herb because you are harvesting the leaves, so if you want to get that, you want
to kind of slow it down a little bit. You don’t want really high numbers on your
Dr. Earth, a slow release fertilizer that contains extra
calcium, also is used at Wind Ridge Herb Farm.
The farm also addresses the growing needs of vegan
“They don’t want any kind of animal byproducts whatsoever on
their plants, so that means no earthworm, no bat guano, no chicken poop,
nothing,” Fiorenza said. “The Pinnacle doesn’t have any of that in it or you can
use a seaweed plant food or fish emulsion.”
The bat guano is a natural phosphate fertilizer. It can come
in high nitrogen or high phosphorous levels, depending on what is being grown.
“If you do high nitrogen with herbs, you get a lot of upward
growth, but very little leaf production, so I tend to stay away from that. But
it does promote strong root growth, and it’s a good greening fertilizer, so if
your plants are looking a little yellow, it will green them up really fast,”
“The same with seaweed and fish emulsion. It’s great for
hydroponics. Hydroponics is based on your fish providing the fertilizer for you
plants and the plants providing oxygen for fish.
“When you transplant into a field or whenever you’re going
to plant herbs, we never fertilizer herbs when they’re planted out in the
garden. We do mulching that provides some natural fertilization.
“But if you’re growing organically in a garden, herbs get
plenty of nutrients out in a garden — if you have good healthy soil with
earthworms depositing what they’re supposed to deposit, you really need very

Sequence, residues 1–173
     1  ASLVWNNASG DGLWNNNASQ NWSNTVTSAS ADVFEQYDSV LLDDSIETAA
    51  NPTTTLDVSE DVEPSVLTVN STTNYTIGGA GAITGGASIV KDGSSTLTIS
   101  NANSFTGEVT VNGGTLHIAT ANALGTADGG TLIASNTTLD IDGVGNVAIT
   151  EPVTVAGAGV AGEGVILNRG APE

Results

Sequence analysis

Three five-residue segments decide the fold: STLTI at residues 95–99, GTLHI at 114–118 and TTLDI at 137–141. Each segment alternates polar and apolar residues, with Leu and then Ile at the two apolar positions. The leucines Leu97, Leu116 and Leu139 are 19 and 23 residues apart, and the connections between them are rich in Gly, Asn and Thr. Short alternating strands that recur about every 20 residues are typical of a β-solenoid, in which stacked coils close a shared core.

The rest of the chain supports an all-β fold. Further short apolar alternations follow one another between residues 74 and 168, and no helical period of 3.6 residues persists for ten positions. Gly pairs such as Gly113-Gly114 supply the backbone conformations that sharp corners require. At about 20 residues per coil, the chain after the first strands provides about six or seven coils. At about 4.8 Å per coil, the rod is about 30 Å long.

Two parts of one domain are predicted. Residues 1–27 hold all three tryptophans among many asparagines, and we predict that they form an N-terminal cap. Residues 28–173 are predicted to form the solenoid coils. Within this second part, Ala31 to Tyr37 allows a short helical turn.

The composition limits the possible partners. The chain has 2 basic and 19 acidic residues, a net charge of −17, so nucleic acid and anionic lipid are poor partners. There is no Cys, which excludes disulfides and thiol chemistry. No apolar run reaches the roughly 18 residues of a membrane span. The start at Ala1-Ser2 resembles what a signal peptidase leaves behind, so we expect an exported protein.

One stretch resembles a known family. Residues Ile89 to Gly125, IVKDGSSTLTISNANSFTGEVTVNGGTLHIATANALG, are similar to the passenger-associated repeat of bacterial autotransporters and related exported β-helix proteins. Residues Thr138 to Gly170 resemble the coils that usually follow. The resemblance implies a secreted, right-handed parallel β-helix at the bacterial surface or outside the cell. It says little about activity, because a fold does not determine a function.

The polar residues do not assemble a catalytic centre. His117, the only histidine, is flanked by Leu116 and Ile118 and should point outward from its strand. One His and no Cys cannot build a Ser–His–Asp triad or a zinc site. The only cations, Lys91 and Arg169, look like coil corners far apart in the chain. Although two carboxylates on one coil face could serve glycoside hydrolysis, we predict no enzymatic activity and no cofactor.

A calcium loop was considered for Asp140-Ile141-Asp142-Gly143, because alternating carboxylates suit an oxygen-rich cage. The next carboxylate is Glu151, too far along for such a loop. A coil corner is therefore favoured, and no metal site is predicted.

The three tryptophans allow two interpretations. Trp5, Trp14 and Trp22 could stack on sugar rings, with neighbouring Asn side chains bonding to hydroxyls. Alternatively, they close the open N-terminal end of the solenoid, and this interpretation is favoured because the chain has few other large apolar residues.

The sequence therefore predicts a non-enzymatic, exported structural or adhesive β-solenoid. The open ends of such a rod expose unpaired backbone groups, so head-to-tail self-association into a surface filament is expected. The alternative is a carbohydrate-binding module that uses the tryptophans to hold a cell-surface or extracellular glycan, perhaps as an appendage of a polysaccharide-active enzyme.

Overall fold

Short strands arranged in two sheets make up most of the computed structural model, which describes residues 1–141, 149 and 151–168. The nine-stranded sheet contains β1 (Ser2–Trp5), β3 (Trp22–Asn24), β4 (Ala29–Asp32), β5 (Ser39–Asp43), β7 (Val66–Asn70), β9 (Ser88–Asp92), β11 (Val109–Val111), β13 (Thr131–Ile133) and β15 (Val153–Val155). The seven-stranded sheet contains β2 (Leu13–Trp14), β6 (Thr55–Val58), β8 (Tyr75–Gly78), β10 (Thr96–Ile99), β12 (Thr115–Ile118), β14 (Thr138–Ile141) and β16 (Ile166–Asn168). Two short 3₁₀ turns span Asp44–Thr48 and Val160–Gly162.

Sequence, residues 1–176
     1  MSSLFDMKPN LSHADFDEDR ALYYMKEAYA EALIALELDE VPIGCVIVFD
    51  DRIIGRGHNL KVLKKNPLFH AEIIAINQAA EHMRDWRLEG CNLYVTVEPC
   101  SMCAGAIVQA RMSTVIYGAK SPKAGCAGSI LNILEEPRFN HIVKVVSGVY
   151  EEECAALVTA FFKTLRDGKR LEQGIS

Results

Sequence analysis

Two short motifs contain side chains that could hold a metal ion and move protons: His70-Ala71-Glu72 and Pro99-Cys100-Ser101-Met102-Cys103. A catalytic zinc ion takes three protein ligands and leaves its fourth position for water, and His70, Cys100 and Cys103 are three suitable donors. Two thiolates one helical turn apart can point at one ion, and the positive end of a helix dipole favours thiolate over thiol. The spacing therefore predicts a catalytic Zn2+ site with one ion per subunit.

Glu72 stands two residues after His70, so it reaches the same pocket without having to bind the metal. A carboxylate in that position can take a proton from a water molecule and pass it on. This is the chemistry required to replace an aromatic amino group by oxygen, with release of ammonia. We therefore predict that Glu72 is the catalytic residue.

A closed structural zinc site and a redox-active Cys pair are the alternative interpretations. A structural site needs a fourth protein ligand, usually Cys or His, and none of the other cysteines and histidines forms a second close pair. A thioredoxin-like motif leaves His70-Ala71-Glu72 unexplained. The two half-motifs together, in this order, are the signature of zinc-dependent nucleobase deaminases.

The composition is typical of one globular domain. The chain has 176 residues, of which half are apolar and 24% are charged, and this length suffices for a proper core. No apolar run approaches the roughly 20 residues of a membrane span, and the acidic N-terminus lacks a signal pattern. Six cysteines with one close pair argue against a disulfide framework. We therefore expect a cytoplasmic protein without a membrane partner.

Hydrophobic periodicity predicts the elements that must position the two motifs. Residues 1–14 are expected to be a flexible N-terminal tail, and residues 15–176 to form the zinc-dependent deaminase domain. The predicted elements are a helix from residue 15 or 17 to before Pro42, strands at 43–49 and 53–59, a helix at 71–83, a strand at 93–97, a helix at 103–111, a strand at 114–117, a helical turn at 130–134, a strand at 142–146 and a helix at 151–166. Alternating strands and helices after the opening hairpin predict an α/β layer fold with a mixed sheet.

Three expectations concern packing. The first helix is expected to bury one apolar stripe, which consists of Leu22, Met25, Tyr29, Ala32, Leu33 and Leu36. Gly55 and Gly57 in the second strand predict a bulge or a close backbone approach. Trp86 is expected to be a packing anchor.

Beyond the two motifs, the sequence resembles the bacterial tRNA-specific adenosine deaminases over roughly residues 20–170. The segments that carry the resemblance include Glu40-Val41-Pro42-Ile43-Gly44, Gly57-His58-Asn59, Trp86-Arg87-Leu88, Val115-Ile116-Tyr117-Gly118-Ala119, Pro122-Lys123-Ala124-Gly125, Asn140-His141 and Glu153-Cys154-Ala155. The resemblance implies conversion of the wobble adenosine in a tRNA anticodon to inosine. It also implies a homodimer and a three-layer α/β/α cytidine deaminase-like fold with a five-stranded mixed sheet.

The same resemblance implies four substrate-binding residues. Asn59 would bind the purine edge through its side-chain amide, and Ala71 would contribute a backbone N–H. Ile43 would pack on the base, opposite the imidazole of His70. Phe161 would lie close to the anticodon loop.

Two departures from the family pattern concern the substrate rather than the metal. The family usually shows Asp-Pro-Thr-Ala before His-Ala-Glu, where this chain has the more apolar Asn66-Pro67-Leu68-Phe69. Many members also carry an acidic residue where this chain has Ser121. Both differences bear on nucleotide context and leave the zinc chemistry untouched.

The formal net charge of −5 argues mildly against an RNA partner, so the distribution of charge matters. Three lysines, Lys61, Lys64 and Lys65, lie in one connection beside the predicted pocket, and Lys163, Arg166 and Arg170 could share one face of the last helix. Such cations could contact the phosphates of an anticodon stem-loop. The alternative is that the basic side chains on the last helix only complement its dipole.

Pesticides and insecticides also are important management
“The benefits of these organic pesticides and insecticides
are there is no harm to any pets or people and most of them can be used within a
few hours harvest,” Fiorenza said.
“The bad side about organic pesticides is you have to have a
program and you have to stick to it. It’s extremely important that you stay on
top of it. Otherwise, you’re going to get bombarded, and it’s going to take
over. I’m mainly talking about greenhouses.”
Diatomaceous earth outside planting controls crawling bugs,
snails, slugs, ants, earwigs and flies, but is harmless to worms.
Insecticidal soaps control aphids, earwigs, leaf hoppers,
mealy bugs, mites, squash bugs, thrips and whiteflies.
“Milky spore is really good for Japanese beetles. It’s a
bacteria. Since our gardens and our farm is so large, it’s really hard to
constantly do something outside,” Fiorenza said.
“So if you have a certain plant area, so you have berries
planted somewhere or basil planted in a certain area, you can spread that around
a certain area and it will help decrease grubs and that will diminish some of
your adult Japanese beetles. It stays in your soil for 15 to 20 years.”
Pyganic is a brand of pyrethrum extract. Pyrethrum is an oil
from an chrysanthemum. That kills over 40 different types of greenhouse and
outdoor pests, including Japanese beetles.
“The pyrethrum does not hurt beneficials, and the rest of
these do kill off some beneficials. I don’t want to kill off any honeybees or
butterflies, so I’ll either apply it early in the morning,” Fiorenza said.
Beneficials are natural predators that help control insects
that damage plants.
“There are predators for nearly every pest. They include
nematodes, ladybugs, praying mantis and lace wings. Herbs attract many of these
to the garden naturally. Pollinators like honeybees are also attracted to
herbs,” Fiorenza said.